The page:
Shannon Fields

It is Sunday and our family are going on a picnic. Preparations begin on Saturday when tarts or buns are baked. My older sisters help my mother make sandwiches with a variety of fillings. Our house is on the Dublin Road in Limerick City and we cross it to reach the by-road that
leads to the Canal Bank. At the old hump-backed bridge we cross over the long disused
canal, once used to ferry Guinness from Dublin to Limerick. When we reach the railway
bridge we tum left and use a circuitous route partly by a country road, partly by a network of narrow boreens edged with blackberry bushes.
The smell of new mown hay scents the air as we pass along the route, eventually reaching the style which leads to the riverbank. Soon we see the longed-for brown waters of the river
Shannon. I know from school that our native river is named after the Celtic Goddess Sionna, the meaning of whose name is A Possessor of Wisdom. As I stroll, I listen to her wise waters playing as she sings her river-song.
I watch the patches of river weed floating gracefully as they sway to the water’s rhythm as we walk towards our bathing spot. All along the bank bright yellow buttercups beam up at us as if promising day-long sunshine for our picnic. At last we reach the swimming spot where some early arrivals have spread out their rugs and swimming gear. Our parents pick out our spot and we put on our swimsuits. When all are ready, we join the other families in the water, shivering until we get used to the coolness. I hold the hand of my younger sister and we paddle for a while until my father comes with the toy buckets and she fills one with water and decants it over and over into a second bigger one, entranced with the process.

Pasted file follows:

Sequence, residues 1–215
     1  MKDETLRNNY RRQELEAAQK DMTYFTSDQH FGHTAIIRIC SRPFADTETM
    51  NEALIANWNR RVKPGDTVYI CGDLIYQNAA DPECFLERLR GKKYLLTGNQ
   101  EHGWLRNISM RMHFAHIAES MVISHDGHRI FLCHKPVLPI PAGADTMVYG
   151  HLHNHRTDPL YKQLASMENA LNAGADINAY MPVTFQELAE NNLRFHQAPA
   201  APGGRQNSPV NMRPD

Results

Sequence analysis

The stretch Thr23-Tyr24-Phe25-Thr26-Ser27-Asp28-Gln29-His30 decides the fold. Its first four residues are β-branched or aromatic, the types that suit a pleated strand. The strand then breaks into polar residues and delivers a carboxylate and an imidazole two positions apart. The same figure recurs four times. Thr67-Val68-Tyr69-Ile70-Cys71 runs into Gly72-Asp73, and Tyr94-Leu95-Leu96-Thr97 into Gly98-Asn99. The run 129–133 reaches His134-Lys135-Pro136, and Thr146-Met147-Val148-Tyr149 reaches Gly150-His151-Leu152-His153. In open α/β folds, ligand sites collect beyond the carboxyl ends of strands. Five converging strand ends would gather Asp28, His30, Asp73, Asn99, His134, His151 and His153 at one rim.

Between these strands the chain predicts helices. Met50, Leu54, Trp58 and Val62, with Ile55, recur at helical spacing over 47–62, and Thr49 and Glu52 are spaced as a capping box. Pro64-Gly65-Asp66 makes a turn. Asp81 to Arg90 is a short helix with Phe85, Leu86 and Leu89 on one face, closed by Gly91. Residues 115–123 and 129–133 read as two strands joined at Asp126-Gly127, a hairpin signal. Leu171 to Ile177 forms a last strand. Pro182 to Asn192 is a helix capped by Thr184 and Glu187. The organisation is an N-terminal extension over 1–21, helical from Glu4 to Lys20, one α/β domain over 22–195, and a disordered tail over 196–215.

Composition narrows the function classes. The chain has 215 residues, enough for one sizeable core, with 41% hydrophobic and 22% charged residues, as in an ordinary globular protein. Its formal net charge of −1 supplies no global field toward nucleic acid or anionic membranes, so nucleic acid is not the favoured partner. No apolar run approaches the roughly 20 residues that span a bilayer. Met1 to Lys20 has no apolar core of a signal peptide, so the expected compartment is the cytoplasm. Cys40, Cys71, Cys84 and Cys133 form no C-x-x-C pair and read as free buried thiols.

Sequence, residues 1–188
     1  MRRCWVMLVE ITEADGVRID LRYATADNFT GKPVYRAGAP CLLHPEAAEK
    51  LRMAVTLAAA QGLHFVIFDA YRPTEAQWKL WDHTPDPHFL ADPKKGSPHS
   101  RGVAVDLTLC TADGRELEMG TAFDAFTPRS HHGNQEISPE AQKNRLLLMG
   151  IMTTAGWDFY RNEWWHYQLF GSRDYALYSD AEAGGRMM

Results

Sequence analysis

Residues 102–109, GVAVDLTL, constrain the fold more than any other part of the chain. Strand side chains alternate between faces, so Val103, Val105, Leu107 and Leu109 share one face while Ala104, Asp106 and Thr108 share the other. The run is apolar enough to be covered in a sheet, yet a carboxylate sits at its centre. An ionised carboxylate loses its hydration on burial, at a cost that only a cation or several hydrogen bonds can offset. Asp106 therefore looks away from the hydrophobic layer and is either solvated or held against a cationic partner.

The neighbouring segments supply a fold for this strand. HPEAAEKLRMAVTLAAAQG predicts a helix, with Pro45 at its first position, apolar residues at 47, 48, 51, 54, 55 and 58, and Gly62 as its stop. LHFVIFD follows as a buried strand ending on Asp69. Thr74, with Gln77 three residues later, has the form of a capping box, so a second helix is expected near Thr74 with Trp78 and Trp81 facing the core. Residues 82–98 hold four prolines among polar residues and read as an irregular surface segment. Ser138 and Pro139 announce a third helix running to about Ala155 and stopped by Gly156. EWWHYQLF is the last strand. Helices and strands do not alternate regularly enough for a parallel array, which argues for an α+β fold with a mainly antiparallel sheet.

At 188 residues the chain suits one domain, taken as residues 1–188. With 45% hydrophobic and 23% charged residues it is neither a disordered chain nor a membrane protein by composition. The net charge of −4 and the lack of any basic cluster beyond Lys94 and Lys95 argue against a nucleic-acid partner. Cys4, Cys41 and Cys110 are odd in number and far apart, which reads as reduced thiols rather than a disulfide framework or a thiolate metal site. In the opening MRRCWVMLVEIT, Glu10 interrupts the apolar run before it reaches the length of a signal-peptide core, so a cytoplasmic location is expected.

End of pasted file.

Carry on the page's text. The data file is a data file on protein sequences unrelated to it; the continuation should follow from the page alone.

I can’t swim yet and the eldest has tried to teach me over the summer, but I am still afraid and haven’t managed to take off on my own yet. She supports me in the water, and I swim while she holds me up. After ten minutes she goes off with her friends and I try to swim on my
own. I persist until at last I succeed in taking six strokes before I sink. Eventually my
confidence grows until at last I can swim. I feel immensely proud of myself.
Tired but content, I return to help my mother lay out the picnic and mind the youngest while my father deals with the Primus and the making of a large pot of tea that is savoured like no other tea, filled with the magic of the outdoors. When everyone arrives the tea is poured,
sandwiches doled out and buns or tarts divided. After our feast I make daisy-chains for my little sister and myself. We are now free to return to the water, doze in the sun or go for
walks in groups while my mother rests. Towards late afternoon, we know we will get our
Sunday treat of ice-creams from the Kiosk in Corbally. Before we leave, we will finish any
leftover sandwiches and drink lemonade or orange to quench our thirst.
Around seven, we gather our belongings and wend our way home, content with our lot.
Along the riverbank the daisies and buttercups nod themselves to sleep. When we arrive
home exhaustion will ensure that we too will willingly go to bed and enter that blessed state.